PayPal Squares Up with U.S. Regulator Over New Prepaid-Card Rule

PayPal Holdings sued federal banking regulators alleging that its new rule has hampered the company’s ability to offer credit products and has created confusion among users of its popular digital-payment services PayPal and Venmo with a new regulation on prepaid accounts that was rolled out by the Consumer Financial Protection Bureau (CFPB) in April of 2019.

The rule’s primary aim is to improve protections for consumers on prepaid payment cards. A side effect of the rule is it also extends to any financial products capable of holding cash balances directly on cards or electronic devices, better known as “digital wallets.”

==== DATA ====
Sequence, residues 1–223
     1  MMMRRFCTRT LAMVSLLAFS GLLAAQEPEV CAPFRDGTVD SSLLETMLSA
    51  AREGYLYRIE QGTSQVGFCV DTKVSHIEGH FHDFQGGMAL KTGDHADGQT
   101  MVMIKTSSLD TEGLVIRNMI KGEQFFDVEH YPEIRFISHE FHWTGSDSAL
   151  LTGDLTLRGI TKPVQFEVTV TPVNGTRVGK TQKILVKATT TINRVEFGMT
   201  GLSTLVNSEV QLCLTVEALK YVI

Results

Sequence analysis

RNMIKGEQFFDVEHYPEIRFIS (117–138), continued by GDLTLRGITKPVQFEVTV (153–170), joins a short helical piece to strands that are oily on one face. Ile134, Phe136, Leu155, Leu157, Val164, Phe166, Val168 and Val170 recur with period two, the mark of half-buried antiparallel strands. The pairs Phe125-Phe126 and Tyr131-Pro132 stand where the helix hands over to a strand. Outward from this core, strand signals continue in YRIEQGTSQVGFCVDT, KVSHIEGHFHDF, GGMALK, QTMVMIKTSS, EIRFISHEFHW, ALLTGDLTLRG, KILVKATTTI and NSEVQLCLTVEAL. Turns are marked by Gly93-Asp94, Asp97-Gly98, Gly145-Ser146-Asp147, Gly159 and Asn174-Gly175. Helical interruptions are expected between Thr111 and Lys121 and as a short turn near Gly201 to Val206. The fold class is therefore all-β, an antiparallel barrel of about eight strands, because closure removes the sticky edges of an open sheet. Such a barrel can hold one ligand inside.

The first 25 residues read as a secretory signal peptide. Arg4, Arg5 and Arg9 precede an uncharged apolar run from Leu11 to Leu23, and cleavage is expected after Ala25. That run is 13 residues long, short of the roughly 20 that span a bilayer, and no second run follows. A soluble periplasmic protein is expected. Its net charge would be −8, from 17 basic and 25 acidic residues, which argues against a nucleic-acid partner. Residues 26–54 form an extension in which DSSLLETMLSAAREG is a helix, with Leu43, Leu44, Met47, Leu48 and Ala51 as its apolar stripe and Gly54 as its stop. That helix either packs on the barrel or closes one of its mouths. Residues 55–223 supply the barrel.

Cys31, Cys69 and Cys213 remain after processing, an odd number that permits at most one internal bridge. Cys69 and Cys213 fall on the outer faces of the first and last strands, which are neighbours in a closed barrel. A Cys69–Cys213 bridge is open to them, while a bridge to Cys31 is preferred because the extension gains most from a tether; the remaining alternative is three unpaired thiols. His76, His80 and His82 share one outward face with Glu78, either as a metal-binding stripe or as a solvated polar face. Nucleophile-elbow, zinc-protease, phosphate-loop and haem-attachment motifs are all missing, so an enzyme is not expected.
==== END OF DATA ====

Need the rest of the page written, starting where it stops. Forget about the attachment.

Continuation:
As a result, the rule umbrellas digital-payment tools such as PayPal, Venmo, Alphabet Inc.’s Google Pay, and Square Inc.’s Cash App. Even though digital wallets are fundamentally different from prepaid cards, which are often sold at grocery and drugstores. Apple Cash comes under the rule’s oversight, while Apple Pay, which doesn’t store money, does not.

The regulation instills complex requirements on issuers to disclose fees and other terms of services, while placing limits on their ability to offer credit products to customers.

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